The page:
STARRED REVIEW
August 22, 2021

Enola Holmes and the Black Barouche

By Nancy Springer

A decade after the publication of her last Enola Holmes mystery, Nancy Springer returns with a new tale of subterfuge, intrigue and danger as the young sleuth takes on the case of a missing woman.

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A decade after the publication of her last Enola Holmes mystery, Nancy Springer returns with a new tale of subterfuge, intrigue and danger as the young sleuth takes on the case of a missing woman.

Now 15 years old and living independently in London, Enola receives a letter from Dr. John Watson summoning her to 221B Baker Street in the hopes that she might rouse her older brother, the enigmatic Sherlock Holmes, from a depressive state. While Enola is tending to Sherlock, Letitia Glover comes by to call upon the famous detective to find her missing twin sister, Felicity. Felicity’s husband, the powerful Earl of Dunhench, claims (without evidence) that Felicity has died. 

With Sherlock seemingly out of commission and smelling a rat herself, Enola vows to locate Felicity. She disguises herself as an aristocrat and drops in on the menacing earl—a dangerous move that even the clever Enola soon regrets. Runaway horses, narrow escapes, close calls and cryptic works of art enliven a well-paced if sometimes predictable mystery.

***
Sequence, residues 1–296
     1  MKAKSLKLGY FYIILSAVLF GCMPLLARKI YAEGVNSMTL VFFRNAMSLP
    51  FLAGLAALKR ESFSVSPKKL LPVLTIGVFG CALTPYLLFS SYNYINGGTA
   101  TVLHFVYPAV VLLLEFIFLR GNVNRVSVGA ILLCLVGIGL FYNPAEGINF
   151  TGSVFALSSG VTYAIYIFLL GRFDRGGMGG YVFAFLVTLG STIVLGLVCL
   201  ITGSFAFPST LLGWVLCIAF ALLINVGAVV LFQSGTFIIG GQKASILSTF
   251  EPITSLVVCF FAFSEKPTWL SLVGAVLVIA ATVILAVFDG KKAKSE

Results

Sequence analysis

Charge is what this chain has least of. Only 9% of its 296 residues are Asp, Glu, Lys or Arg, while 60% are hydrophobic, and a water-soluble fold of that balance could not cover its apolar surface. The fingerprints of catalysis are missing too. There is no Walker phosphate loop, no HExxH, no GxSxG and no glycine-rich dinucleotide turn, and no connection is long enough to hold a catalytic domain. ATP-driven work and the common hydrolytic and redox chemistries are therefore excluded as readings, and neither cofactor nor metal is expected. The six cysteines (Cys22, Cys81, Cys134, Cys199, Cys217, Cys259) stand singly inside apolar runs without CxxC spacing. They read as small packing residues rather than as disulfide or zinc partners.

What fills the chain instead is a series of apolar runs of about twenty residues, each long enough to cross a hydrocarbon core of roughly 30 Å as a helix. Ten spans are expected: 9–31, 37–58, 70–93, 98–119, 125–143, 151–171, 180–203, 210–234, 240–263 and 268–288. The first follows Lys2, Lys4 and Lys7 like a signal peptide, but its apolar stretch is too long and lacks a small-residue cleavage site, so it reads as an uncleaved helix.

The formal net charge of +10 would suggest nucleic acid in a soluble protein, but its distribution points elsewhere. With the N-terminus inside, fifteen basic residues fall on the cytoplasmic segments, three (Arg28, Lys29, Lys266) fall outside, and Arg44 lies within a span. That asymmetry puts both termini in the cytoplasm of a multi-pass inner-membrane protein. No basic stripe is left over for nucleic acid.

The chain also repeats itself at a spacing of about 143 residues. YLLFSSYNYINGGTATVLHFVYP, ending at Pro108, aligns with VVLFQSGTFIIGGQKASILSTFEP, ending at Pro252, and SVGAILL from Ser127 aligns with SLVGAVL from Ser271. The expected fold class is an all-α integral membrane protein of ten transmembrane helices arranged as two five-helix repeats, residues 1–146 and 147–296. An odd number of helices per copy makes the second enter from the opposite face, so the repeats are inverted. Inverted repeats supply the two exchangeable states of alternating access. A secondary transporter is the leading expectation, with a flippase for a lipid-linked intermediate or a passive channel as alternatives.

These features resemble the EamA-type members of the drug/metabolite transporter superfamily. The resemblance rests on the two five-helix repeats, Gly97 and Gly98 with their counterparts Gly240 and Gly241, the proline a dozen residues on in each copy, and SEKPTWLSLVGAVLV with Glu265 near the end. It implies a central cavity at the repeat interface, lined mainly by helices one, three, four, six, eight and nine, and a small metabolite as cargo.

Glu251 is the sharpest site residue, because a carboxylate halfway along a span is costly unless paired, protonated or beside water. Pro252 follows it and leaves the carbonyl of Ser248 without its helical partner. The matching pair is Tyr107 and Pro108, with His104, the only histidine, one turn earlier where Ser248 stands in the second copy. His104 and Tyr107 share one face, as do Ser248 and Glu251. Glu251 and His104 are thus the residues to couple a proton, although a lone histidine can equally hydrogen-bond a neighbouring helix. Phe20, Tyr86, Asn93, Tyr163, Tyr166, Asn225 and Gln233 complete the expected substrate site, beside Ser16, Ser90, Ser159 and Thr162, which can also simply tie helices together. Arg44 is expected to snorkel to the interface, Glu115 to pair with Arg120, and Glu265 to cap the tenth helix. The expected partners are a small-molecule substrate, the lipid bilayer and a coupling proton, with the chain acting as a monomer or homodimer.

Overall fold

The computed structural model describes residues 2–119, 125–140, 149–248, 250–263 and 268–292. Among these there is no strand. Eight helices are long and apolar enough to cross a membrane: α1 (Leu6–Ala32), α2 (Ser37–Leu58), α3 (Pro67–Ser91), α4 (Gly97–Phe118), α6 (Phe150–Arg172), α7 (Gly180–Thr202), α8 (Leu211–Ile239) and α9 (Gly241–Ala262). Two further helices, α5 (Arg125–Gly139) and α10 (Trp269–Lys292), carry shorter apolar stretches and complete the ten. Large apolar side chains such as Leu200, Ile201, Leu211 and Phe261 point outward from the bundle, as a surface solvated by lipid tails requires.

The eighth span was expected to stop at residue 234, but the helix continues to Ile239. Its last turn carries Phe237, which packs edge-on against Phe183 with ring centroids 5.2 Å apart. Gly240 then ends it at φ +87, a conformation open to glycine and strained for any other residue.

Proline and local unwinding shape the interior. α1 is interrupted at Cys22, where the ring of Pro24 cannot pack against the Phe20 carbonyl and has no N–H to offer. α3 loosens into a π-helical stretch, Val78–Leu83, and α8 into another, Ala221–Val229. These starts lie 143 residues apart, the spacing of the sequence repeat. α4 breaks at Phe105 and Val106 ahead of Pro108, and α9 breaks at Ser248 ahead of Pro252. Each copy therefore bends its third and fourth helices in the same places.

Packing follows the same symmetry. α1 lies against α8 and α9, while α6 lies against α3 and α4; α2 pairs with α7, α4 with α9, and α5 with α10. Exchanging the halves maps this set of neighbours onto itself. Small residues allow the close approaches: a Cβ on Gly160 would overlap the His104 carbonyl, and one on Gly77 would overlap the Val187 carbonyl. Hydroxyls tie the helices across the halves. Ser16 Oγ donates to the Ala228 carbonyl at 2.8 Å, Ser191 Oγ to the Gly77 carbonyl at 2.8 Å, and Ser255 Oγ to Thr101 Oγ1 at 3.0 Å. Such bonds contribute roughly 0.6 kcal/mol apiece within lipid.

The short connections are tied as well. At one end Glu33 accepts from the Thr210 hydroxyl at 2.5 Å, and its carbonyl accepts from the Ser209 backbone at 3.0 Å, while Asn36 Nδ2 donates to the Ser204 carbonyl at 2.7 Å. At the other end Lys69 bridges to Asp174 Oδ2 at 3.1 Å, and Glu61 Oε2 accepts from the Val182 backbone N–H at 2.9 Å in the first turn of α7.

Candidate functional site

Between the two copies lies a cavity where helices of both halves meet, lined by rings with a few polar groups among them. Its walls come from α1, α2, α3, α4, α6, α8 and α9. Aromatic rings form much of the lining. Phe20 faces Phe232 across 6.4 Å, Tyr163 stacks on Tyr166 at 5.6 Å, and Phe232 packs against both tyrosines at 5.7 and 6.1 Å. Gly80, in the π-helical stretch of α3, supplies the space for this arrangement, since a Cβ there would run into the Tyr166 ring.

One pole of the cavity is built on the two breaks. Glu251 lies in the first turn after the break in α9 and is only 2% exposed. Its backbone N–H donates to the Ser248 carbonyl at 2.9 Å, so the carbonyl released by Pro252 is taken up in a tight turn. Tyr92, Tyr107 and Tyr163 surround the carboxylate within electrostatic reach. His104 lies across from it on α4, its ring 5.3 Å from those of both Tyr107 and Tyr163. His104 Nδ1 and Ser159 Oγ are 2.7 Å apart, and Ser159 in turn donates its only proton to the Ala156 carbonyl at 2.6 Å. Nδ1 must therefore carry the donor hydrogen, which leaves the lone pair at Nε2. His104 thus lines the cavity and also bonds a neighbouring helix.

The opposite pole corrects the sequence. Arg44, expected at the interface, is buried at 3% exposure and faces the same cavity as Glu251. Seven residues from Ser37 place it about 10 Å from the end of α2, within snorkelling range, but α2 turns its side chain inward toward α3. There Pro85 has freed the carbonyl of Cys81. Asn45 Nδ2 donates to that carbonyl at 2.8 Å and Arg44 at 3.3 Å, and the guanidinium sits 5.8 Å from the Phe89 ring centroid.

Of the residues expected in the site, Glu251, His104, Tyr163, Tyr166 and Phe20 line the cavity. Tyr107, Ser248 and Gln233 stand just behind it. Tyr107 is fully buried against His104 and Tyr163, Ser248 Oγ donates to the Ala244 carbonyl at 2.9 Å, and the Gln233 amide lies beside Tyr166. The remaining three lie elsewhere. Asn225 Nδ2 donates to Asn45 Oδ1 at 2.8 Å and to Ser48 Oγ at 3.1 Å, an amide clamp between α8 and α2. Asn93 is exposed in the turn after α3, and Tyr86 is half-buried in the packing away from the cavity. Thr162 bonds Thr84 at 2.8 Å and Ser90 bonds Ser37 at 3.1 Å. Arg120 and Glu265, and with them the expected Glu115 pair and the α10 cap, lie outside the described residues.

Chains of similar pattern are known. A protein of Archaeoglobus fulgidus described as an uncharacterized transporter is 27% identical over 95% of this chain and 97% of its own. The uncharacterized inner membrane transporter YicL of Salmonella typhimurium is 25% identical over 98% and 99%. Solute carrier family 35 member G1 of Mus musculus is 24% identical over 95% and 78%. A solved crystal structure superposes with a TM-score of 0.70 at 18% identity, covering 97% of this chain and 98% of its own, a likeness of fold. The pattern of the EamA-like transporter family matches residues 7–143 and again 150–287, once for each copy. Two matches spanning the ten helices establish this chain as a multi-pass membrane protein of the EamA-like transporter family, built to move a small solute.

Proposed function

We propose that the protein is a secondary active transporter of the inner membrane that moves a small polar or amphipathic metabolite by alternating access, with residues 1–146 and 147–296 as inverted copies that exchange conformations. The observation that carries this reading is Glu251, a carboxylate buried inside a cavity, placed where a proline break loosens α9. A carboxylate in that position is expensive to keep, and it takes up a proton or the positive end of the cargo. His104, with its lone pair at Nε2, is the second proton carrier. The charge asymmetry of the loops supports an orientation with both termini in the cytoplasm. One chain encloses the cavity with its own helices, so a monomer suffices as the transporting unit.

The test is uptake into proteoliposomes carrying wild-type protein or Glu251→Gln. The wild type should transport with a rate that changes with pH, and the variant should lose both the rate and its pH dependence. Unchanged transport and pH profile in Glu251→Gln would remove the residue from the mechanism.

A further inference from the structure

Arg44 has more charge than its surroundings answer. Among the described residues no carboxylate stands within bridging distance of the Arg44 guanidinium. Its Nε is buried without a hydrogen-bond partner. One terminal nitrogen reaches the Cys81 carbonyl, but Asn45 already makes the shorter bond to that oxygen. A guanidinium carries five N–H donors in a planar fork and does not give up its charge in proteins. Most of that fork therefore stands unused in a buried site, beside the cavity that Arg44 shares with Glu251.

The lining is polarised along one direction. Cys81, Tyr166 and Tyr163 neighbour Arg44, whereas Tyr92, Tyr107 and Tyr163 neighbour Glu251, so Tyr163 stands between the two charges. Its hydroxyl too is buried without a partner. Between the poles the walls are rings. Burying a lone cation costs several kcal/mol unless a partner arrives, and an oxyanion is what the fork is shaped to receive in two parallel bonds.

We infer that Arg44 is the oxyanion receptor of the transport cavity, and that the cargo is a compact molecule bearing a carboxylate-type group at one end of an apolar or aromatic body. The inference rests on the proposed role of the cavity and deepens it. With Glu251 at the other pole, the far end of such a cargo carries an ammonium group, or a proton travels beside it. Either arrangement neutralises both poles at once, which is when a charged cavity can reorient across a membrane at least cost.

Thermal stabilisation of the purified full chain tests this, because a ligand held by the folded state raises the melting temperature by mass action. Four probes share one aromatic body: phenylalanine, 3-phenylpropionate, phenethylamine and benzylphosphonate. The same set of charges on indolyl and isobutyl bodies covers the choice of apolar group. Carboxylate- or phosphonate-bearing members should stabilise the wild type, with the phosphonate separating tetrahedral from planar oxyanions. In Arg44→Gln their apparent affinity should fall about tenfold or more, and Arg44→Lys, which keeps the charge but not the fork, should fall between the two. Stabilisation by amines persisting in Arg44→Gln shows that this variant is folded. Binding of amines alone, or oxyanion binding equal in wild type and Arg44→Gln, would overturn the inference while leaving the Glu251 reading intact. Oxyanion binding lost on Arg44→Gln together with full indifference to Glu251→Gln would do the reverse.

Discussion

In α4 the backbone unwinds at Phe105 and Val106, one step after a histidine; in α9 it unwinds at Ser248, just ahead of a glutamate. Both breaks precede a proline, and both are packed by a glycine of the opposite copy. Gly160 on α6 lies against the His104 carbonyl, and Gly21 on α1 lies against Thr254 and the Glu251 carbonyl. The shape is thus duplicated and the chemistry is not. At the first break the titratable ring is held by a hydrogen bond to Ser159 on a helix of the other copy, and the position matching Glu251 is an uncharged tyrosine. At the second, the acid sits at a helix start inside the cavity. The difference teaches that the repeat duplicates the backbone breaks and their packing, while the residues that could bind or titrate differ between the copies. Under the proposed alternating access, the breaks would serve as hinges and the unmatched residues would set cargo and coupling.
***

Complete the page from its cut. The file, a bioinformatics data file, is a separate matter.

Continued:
Enola Holmes and the Black Barouche never hesitates to critique the abuses of classism and sexism endemic to 19th-century English culture, when it wasn’t unheard of for powerful men to dispose of inconvenient women through duplicity. At its core, however, the novel is an homage to the power of sibling relationships. Despite Sherlock’s initial melancholia, he rallies to protect Enola (even if she has already successfully managed to save herself unassisted), just as Letitia risks her life to save her sister. 

Readers whose only familiarity with Enola is via the recent Netflix movie starring Millie Bobby Brown (of “Stranger Things” fame) will slip easily into this new story, as all necessary context is provided in the form of a jaunty prologue narrated by the delightfully arrogant Sherlock. From there, Enola takes over the narration. Her confidence, self-assured schemes, intellectual wit and SAT-level vocabulary are enchanting and guaranteed to make readers ponder which Holmes is the superior detective. 

Stylishly written and briskly plotted, Enola Holmes and the Black Barouche will scoop up movie fans looking for further adventures with Enola. Best of all, there are six previous Enola Holmes mysteries waiting when they finish this one.

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